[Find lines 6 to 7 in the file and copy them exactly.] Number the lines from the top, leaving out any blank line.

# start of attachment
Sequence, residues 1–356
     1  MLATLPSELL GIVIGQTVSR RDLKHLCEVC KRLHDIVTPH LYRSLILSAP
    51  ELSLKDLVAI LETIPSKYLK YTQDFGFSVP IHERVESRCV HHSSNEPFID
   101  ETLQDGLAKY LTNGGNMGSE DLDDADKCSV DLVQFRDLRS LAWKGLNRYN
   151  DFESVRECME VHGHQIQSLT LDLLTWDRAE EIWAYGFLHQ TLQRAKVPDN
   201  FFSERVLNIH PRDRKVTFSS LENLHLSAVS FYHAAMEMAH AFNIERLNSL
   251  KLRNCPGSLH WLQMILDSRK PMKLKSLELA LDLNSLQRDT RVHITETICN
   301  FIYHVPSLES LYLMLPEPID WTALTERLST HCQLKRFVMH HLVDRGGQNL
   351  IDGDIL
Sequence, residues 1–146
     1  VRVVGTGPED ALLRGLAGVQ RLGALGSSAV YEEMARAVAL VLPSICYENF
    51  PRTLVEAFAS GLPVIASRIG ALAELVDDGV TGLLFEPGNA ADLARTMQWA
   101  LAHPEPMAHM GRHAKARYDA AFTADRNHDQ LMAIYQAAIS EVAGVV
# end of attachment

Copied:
   201  FFSERVLNIH PRDRKVTFSS LENLHLSAVS FYHAAMEMAH AFNIERLNSL
   251  KLRNCPGSLH WLQMILDSRK PMKLKSLELA LDLNSLQRDT RVHITETICN